How did the Beatles get their logo?
The logo was born on the bass drum of Ringo Starr’s Ludwig drum kit in April 1963, three years after John Lennon, Paul McCartney, George Harrison, and Ringo got together in Liverpool and formed one of the most iconic music bands of all time.
Starr purchased the Ludwig set from a shop, Drum City, on Shaftesbury Avenue in London. Founded by a guy called Ivor Arbiter in 1929, the shop was a popular destination for jazz drummers.
But when Starr entered the shop alongside the band’s manager, Brian Epstein, The Beatles were already quite popular, having released their debut studio album–Please Please Me–the month before. They weren’t known around the world yet, but the single that gave the album its name became No. 1 on the U.K. charts, and the album itself was No. 1 for 30 weeks, which was unprecedented at the time.
Arbiter later gave Starr his last £238 Ludwig Downbeat kit in oyster black pearl finish for free as requested by Epstein, with the condition that the band keep the Ludwig brand on the front.
Apparently, Arbiter had an exclusive distribution deal with the brand, and he wanted to give it some publicity.
Epstein agreed–as long as the band’s name also appeared prominently. Arbiter then proceeded to sketch a logo on a paper, making the “B” bigger than the rest of the letters, and extending the “T” in the way we all know it today.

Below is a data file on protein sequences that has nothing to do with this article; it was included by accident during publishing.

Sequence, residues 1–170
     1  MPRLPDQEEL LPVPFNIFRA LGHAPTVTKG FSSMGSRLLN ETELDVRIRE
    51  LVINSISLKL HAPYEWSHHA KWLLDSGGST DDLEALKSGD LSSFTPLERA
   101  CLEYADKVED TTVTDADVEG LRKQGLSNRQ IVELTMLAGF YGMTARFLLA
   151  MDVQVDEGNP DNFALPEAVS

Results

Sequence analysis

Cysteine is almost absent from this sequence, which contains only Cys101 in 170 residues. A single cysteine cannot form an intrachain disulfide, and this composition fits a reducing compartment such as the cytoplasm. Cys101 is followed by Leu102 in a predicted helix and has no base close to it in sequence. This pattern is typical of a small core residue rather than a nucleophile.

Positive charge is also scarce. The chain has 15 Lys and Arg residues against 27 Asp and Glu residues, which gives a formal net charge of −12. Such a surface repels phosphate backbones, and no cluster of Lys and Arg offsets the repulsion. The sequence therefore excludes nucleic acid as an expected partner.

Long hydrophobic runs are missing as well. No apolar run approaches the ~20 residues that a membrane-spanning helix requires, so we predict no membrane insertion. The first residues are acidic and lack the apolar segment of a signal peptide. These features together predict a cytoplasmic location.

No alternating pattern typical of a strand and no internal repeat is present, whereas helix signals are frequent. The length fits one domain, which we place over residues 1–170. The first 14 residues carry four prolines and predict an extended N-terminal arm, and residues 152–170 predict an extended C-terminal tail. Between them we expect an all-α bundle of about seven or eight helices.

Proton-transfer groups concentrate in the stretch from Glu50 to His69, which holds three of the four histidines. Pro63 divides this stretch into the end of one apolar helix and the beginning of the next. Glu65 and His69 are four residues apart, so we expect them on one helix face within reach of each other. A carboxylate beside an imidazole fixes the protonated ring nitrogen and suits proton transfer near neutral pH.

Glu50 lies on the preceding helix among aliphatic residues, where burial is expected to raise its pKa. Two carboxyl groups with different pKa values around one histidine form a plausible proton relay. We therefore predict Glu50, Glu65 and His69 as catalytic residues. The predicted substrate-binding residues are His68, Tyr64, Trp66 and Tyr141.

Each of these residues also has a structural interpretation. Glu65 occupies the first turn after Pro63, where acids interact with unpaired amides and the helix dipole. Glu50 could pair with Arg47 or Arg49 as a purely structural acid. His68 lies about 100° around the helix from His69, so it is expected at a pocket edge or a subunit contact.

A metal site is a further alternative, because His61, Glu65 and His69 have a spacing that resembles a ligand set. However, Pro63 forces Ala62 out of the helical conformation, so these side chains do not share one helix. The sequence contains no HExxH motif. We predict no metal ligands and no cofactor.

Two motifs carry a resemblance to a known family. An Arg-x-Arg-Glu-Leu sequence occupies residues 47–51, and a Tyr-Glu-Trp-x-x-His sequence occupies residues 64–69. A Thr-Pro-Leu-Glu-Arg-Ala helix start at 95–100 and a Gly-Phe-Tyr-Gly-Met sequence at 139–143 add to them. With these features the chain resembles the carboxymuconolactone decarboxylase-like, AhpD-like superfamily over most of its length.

Then, for £5, Epstein paid Drum City to paint the logo on the bass drum. Arbiter gave the logo to a local sign painter, Eddie Stokes, who finalised the logo.
The logo stayed in that form until a performance at Paris’s Olympia Theater on February 4, 1964. Some people say that Starr has the original drum head, while others claim that McCartney has it.
Later on, a slightly different logo was used for the first time in the drum kit of The Ed Sullivan Show on February 9, 1964, which was slightly different.
The logo, painted again by Stokes, occupied most of the drum’s face and used a bolder typeface. That logo was used for the band’s first U.S. tour.
After that, the logo had minor changes seven times between 1963 and 1967. This was the final version of the logo in the last Ludwig black pearl drum kit that Starr used.
Later, during the filming of Let It Be, Starr got his last Beatles skin, set on a 22-inch Remo Weather Master with a Ludwig sticker on top.
Ironically the logo never appeared on any of the band’s original album covers.
A version of The Beatles’s logo that combined all the drum heads was only registered as a trademark by The Beatles company Apple Corps in the 1990s.
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